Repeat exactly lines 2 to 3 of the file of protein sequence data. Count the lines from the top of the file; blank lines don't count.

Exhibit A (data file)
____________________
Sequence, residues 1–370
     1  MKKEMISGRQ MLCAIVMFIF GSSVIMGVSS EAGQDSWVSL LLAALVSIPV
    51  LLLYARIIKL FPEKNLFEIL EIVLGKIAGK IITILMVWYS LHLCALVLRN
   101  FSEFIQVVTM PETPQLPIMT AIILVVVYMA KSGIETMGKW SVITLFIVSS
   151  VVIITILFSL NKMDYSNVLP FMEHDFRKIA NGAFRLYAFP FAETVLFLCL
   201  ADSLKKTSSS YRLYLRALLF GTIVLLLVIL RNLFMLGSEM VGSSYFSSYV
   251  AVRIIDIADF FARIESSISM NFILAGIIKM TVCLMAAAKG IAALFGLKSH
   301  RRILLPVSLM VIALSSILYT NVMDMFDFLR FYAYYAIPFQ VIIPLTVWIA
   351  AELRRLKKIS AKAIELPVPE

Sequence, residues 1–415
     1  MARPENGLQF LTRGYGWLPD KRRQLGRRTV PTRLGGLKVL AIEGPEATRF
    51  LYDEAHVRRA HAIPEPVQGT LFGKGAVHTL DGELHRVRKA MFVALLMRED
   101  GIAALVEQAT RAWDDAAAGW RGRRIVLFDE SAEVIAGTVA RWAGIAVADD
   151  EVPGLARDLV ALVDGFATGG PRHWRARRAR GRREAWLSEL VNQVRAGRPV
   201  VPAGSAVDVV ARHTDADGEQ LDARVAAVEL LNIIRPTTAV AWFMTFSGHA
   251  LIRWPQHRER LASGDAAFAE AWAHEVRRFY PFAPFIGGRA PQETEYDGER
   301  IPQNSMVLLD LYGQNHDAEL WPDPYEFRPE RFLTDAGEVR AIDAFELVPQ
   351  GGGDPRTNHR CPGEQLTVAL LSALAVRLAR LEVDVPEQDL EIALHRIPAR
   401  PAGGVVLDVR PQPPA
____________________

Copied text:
     1  MKKEMISGRQ MLCAIVMFIF GSSVIMGVSS EAGQDSWVSL LLAALVSIPV
    51  LLLYARIIKL FPEKNLFEIL EIVLGKIAGK IITILMVWYS LHLCALVLRN